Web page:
Thoba Sithole and Tshepo Modisane
On a continent where homosexuality is often seen as foreign and unnatural Tshepo Cameron Modisane and Thoba Calvin Sithole are loudly proclaiming their love for each other. Meet this proudly gay and engaged-to-marry couple who’re determined to live and love freely.
The now 27-year-old men first met and became friends while studying in Durban but lost touch after Tshepo returned to Joburg. Thoba, who is originally from KZN, later moved to Gauteng in 2011.
They then bumped into each other at the Sunninghill Virgin Active gym, reigniting their friendship and becoming gym partners; supporting and motivating each other in their workouts. “We were helping each other with weights, training exercises and eating health plans,” explains Tshepo.
The chemistry between them grew and they soon realised that they were becoming much more than friends. “We finally made it official and were an item,” says Tshepo.
“The great step that we took in our relationship as a gay couple was introducing each other to our families. We are so blessed to have supportive families who care about us. Even though we are gay they still love us.”
The relationship strengthened and, one Friday evening at home in June last year, Tshepo proposed to Thoba. He accepted and the couple decided to do things the African way; respecting the traditions and customs associated with marriage.
“We communicated our intentions to get married to both our families as we wanted to have a traditional African ceremony and also have a traditional Western ‘fairytale white wedding,’” explains Thoba.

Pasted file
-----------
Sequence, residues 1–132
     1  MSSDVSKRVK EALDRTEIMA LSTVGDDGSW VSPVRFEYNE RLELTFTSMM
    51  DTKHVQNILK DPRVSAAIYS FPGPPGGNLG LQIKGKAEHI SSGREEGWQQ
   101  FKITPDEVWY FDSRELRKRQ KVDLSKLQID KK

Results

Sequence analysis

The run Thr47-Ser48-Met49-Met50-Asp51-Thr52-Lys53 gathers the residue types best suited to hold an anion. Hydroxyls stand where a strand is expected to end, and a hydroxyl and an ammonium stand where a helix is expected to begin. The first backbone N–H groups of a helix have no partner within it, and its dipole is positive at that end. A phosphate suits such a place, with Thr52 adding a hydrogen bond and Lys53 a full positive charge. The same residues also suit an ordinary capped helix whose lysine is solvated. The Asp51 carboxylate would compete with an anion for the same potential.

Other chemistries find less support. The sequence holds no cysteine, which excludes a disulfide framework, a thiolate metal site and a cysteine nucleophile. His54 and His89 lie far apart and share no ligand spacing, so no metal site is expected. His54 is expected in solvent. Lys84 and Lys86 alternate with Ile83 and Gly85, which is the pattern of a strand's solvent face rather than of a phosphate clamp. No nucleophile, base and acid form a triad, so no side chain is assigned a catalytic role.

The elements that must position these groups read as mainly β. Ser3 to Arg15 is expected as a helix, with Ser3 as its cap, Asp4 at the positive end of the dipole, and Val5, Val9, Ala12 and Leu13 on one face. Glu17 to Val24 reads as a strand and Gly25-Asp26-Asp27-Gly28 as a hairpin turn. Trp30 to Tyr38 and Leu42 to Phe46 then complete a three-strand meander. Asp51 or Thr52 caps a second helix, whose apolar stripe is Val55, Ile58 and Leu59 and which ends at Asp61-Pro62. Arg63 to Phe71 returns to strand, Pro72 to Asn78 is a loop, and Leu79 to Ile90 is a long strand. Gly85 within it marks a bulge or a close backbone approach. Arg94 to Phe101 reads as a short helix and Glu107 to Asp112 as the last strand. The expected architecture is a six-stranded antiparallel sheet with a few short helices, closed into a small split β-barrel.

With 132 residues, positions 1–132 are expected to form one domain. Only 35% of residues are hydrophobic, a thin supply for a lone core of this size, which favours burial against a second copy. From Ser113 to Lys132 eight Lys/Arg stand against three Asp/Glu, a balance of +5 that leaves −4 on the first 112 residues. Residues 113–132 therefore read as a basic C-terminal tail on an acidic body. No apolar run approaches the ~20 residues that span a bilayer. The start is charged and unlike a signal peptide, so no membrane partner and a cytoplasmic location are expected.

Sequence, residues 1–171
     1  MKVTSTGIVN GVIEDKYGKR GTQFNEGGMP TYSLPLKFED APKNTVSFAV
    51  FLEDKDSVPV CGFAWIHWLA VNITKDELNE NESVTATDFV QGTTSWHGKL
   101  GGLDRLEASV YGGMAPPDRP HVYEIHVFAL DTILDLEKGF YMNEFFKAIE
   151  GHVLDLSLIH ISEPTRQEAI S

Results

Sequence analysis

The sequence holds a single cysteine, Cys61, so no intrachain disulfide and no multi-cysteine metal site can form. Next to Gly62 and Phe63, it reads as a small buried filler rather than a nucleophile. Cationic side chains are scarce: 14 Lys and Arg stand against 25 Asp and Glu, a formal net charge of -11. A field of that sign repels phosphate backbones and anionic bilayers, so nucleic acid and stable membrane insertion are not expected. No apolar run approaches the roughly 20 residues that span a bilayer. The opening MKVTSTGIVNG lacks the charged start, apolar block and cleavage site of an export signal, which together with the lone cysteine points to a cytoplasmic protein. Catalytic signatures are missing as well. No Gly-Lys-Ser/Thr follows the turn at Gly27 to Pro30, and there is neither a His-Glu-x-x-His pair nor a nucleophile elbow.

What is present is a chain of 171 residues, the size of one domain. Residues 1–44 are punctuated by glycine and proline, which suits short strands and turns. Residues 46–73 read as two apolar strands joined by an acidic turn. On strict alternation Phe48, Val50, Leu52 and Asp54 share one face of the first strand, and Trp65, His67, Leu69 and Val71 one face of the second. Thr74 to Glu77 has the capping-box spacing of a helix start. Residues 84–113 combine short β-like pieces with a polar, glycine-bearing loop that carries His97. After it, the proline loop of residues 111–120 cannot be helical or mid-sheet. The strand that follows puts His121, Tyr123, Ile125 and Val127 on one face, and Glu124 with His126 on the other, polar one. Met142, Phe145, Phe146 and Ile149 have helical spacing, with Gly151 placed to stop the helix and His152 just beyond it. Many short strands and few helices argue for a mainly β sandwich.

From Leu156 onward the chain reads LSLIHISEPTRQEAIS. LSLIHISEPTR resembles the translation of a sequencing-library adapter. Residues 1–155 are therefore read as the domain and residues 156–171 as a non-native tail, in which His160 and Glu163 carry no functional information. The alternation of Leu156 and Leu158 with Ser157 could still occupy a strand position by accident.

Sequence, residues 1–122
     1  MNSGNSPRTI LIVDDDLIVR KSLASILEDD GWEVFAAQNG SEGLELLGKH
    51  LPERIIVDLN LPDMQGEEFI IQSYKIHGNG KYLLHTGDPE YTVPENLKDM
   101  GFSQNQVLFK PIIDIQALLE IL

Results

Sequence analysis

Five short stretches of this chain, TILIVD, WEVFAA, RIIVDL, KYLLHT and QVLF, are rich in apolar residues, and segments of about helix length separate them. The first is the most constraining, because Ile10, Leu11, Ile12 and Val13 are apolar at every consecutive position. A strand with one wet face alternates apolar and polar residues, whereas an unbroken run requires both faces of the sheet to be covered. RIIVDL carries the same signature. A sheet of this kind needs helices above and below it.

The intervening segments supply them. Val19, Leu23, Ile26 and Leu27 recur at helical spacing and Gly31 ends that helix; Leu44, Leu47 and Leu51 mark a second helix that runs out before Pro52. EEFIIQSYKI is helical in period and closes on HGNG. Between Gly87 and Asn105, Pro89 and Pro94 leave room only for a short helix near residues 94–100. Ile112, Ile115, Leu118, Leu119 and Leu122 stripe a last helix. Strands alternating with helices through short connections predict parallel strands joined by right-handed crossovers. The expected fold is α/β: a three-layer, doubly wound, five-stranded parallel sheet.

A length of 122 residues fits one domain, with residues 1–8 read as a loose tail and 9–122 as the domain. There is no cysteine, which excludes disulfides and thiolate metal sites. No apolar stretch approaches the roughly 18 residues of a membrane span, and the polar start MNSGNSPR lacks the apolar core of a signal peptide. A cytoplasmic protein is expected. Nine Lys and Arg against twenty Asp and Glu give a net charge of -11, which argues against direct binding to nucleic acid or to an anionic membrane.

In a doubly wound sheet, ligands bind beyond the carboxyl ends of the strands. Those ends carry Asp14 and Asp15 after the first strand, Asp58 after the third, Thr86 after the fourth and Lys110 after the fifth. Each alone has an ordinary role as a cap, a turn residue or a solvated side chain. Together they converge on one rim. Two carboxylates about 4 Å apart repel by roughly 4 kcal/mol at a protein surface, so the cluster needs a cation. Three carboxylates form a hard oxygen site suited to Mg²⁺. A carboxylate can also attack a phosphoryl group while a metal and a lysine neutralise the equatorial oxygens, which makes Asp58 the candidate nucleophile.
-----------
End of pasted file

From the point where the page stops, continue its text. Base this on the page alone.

With their families’ support, the couple have set the date of 6 April to have the African ceremony in Thoba’s hometown of Stanger. They expect over 200 guests and the guys will dress in their respective traditional clothing (Tshepo is Tswana and Thoba is Zulu).
“Since we are both men we have decided that neither of us will pay lobolo. The most that we will do is to buy gifts for our parents as a sign of appreciation for raising us,” says Thoba.
They plan to have their white wedding later in the year in Johannesburg as a more intimate ceremony and are determined to have children through a surrogate.
“Family is important to us and that is the number one reason why we want to have children. We also want our children to grow up in an environment where they are loved greatly by both parents who appreciate them,” says Thoba.
The relationship has become something of a cause cause célèbre in KZN, with a local newspaper celebrating their upcoming nuptials as the area’s first legal gay marriage with a front page feature.
Tshepo says that one of the reasons they’ve chosen to be so open is that they “hope to inspire people out there who are still struggling to come to terms with their sexuality”.
“We see no reason to hide in darkness as if there is something to be ashamed about. Our marriage is largely symbolic and a sign that black gay men can commit and build family through a happy and loving marriage,” he says.
Thoba chimes in that “This is who we are and we are just tired of people judging with no understanding. We are people and entitled to live life to the fullest”.
He adds that as a couple, “we have never felt any negative reaction that was blatant to our face. Most people have largely been supportive and excited about our union”.